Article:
When I went on a whirlwind four-day trip to visit the car graveyards of Yorkshire, England, a few months ago, the MG F/TF was near the top of my list of cars to shoot. As it turned out, I found just a single example, at the York U-Pull-It. It was in rough shape, but it’s a discarded example of the very last gas-powered two-seat roadster to bear MG’s storied octagon badge and thus a true Junkyard Scrapyard Gem.

I’d seen a nice British Racing Green MG F at the “MG — 100 Years of Motoring & Passion” exhibit at Le Convervatoire National de Véhicules Historiques in Diekirch, Luxembourg, last fall and got to thinking about the fact that the Fs and early TFs are now legal to import to the United States under the federal 25-year rule. I spent a good chunk of my college years with a 1973 MGB-GT as my daily driver (British Racing Green, of course) and maybe an F/TF would be a fun car to own here. Then sanity returned when I remembered I don’t have room for both an F/TF and my future Mitsuoka Le Seyde.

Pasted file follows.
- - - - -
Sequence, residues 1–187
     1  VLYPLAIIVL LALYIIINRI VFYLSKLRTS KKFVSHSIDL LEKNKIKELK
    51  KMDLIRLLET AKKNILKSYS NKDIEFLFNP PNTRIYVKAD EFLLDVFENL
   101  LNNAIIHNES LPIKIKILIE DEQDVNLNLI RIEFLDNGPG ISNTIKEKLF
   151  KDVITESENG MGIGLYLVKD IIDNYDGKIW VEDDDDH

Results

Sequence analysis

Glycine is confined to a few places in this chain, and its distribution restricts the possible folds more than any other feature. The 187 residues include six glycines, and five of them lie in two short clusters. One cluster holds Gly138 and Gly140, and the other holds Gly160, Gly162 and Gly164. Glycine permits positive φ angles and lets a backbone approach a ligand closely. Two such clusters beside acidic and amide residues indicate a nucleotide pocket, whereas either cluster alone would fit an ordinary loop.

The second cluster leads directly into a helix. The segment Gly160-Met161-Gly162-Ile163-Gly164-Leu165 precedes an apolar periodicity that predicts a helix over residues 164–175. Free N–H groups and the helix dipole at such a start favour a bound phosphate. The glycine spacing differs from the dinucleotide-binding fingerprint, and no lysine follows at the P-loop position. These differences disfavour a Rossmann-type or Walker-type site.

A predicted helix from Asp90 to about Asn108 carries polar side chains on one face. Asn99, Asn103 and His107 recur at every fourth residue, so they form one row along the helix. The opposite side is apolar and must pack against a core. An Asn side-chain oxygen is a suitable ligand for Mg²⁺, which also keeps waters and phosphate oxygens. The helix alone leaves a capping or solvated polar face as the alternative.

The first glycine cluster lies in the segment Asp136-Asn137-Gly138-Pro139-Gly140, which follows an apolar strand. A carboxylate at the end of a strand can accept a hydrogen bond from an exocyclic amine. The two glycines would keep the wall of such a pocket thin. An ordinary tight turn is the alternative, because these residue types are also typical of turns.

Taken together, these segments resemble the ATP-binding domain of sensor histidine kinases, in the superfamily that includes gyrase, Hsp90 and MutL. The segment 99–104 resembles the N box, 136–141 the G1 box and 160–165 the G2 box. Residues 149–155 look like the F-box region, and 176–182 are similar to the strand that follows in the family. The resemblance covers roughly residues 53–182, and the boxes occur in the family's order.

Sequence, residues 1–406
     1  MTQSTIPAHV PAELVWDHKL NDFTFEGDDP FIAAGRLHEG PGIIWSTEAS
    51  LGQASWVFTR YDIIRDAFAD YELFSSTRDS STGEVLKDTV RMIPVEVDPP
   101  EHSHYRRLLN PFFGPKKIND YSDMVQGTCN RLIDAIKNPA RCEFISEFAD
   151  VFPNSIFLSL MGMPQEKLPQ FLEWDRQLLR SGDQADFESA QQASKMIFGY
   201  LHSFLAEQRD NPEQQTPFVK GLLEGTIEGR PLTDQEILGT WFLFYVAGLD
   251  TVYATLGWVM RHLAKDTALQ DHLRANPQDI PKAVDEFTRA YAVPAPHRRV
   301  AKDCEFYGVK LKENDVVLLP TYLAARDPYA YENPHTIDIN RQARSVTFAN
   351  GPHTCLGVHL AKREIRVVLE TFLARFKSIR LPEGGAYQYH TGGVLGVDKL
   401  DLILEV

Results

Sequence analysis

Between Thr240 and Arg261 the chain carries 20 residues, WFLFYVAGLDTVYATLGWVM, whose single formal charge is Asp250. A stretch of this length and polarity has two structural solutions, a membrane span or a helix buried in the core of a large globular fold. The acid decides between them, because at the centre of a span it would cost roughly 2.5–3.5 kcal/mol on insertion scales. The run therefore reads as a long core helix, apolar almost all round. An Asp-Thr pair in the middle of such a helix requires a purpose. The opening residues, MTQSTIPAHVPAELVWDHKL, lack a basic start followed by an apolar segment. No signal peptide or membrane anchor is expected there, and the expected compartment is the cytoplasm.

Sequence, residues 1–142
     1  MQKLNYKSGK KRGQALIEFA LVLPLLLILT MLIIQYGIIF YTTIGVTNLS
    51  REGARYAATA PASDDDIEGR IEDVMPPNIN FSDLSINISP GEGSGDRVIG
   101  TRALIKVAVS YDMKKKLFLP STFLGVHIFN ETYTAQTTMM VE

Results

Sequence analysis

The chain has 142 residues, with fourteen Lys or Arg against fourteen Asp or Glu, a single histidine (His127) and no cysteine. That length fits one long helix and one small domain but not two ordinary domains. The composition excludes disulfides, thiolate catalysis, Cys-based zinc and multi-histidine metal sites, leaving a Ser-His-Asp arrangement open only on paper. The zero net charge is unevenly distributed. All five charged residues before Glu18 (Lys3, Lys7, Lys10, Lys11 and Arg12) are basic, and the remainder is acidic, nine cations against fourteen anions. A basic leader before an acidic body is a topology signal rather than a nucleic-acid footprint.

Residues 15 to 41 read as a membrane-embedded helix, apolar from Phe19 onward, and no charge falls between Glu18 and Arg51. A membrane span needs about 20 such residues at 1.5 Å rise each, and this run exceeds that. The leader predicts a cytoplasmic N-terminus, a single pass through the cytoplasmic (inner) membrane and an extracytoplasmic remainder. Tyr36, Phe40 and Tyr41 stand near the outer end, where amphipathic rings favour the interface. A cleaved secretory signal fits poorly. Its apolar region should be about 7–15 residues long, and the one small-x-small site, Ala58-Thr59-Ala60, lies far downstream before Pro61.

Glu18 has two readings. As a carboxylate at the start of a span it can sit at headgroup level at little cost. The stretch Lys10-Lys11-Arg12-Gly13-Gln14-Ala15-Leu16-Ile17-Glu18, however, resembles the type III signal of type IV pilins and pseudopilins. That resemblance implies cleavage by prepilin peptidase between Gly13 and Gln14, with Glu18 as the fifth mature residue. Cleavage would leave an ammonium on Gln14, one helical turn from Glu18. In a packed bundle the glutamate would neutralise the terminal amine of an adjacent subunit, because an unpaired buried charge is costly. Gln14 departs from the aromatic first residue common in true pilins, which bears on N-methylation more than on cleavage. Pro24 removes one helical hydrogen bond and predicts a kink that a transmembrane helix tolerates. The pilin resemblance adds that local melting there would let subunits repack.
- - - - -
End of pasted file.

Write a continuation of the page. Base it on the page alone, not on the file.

The very protracted development of the project that became the MG F began in 1984, when the MG brand was owned by the Austin Rover division of British Leyland. Fast-forward to 1994, when BMW bought the Rover Group from British Aerospace (we’re skipping an Imperial ton of convoluted British car-industry history here, because we’re into the whole brevity thing) and that fresh infusion of Bavarian cash meant that the MG F actually became showroom reality as a 1995 model.

BMW sold MG in 2000; it became part of the Nanjing Automobile empire in 2005 and still exists today. For the 2002 model year, MG Rover restyled the F and gave it a non-Hydragas suspension, naming it the TF in the process.

I was able to find an example of one of the very last thoroughly British MGs, a 2005 ZT 190, a few rows away in the same yard. Also documented by me at the York U-Pull-It that day were a Ford StreetKa, a SEAT Altea, a Smart ForFour, an ex-Royal Mail Peugeot Bipper, a Peugeot 307CC, a Citroën C4 Picasso, a Citroën Xsara Picasso Desire, an early Honda HR-V, a Mitsubishi i, a Renault Megane CC, a Saab 96, a 2007 Mitsubishi Colt, a BMW 320td and an Alfa Romeo Giulietta.